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Diabetes mellitus, streptozotocin, glibenclamide, kaempferol, antihyperglycemic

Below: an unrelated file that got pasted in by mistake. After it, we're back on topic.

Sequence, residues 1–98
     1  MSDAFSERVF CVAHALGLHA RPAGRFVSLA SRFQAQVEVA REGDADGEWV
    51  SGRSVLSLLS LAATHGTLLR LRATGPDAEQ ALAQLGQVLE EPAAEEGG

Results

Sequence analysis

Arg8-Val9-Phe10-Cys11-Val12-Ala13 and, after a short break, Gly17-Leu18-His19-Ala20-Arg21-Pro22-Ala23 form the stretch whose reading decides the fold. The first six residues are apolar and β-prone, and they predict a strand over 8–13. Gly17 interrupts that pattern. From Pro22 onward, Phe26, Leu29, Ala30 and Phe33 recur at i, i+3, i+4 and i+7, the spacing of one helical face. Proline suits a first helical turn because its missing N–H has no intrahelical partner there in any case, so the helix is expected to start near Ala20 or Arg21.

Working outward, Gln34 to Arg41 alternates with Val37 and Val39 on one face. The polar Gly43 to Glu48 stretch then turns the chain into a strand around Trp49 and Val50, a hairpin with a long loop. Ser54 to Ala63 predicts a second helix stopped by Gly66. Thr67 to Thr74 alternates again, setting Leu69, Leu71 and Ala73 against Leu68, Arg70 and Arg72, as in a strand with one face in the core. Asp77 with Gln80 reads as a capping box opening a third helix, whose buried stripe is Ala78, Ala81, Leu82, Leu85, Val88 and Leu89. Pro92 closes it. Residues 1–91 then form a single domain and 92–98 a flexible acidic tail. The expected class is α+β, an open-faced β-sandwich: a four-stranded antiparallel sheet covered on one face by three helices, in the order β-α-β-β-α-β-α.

Diabetes mellitus is a chronic metabolic disease with the highest rates of prevalence and mortality worldwide that is caused by an absolute or relative lack of insulin and/or reduced insulin activity, which results in hyperglycemia and abnormalities in carbohydrate, protein, and fat metabolism. The aim of this study was to investigate the effect of kaempferol on hepatic key enzymes of carbohydrate metabolism in streptozotocin-induced diabetic rats. An optimum dose of kaempferol (100 mg/kg body weight) was orally administered for 45 days to streptozotocin-diabetic rats for the assessment of glucose, insulin, hemoglobin (Hb), glycated hemoglobin (HbA1c), hepatic glycogen, and activities of carbohydrate metabolizing enzymes, such as glucokinase, glucose 6- phosphatase, fructose 1, 6-bisphosphatase and glucose-6-phosphate dehydrogenase in normal and streptozotocin-diabetic rats. Kaempferol at 100mg dose produced similar effects on all biochemical parameters studied as that of glibenclamide (600 mg/kg BW), a standard drug. These results showed that kaempferol has potential antihyperglycemic activity in streptozotocin-induced diabetic rats.